– Jesse
    Jan 10, 2023 at 0:15
  • ...I guess, if we were to go much past lexicons here, an answer would need to be somewhat systematic. This is a fun question, along with the answers. "Let's solve the Problem of Evil while limiting study to one word." This is our Hermeneutics site shining at what it is meant for.
    – Jesse
    Jan 10, 2023 at 0:32

7 Answers 7


Evil is a valid translation for the word in question (ra'), but even in English we have multiple definitions of evil (from Merriam-Webster):

evil (noun)

1 a: the fact of suffering, misfortune, and wrongdoing

b: a cosmic evil force

2: something that brings sorrow, distress, or calamity

So we have the options, as many scholars distinguish, between moral evil(sinful or wicked acts) and natural evil(result of a fallen world/punishment). Based on the other definitions of both the word (ra') and the other translations, it is legitimate to understand Amos 3:6 as God causing natural evil in the sense of bringing "sorrow, distress or calamity" to the city, especially considering the larger context of Amos and his proclamations of judgment against the nations and Israel. But we can go a step further and evaluate if moral evil is an option for this definition and if not, then why.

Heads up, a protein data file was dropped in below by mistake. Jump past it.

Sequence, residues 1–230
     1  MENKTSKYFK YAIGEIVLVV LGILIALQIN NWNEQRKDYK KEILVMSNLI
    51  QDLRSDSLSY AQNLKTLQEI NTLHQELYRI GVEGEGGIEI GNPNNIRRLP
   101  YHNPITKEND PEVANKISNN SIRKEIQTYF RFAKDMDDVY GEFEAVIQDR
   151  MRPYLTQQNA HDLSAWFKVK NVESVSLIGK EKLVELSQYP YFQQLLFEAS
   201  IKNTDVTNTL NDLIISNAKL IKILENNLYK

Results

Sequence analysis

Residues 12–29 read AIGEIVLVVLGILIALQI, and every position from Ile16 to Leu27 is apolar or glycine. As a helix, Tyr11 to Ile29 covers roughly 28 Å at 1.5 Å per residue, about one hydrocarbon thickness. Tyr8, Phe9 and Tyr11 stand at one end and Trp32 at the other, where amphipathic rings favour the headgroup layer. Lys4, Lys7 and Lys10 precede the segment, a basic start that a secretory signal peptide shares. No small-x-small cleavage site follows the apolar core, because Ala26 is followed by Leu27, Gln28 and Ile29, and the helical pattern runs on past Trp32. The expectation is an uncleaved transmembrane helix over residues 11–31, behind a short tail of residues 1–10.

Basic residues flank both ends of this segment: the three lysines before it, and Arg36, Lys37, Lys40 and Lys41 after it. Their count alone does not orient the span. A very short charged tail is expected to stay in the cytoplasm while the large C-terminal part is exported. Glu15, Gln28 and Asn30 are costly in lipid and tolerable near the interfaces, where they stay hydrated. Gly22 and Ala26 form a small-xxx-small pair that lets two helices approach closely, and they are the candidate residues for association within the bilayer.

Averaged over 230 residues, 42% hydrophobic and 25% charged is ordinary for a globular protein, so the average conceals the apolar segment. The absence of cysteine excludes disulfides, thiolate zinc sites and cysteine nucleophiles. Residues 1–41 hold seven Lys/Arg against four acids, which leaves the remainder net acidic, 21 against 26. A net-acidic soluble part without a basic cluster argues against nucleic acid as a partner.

The Bible reveals that acts of evil as we would consider them do not carry the same moral implications of sin if done by God.

Take for example human killing, which is forbidden in the Noahic Covenant (Genesis 9:5-6) to all creation. Killing a human is considered a sin and therefor evil, and then we see in Genesis 38:7 that God is credited with putting Judah's son to death. In 2 Chronicles 18:19-22 we also see the Lord sending a lying spirit to cause the fall of a king. The first chapter of Job describes God pointing out his servant and allowing the accuser to test Job through all kinds of awful things. Job himself declares “Naked I came from my mother's womb, and naked shall I return. The Lord gave, and the Lord has taken away; blessed be the name of the Lord.” in Job 1:21.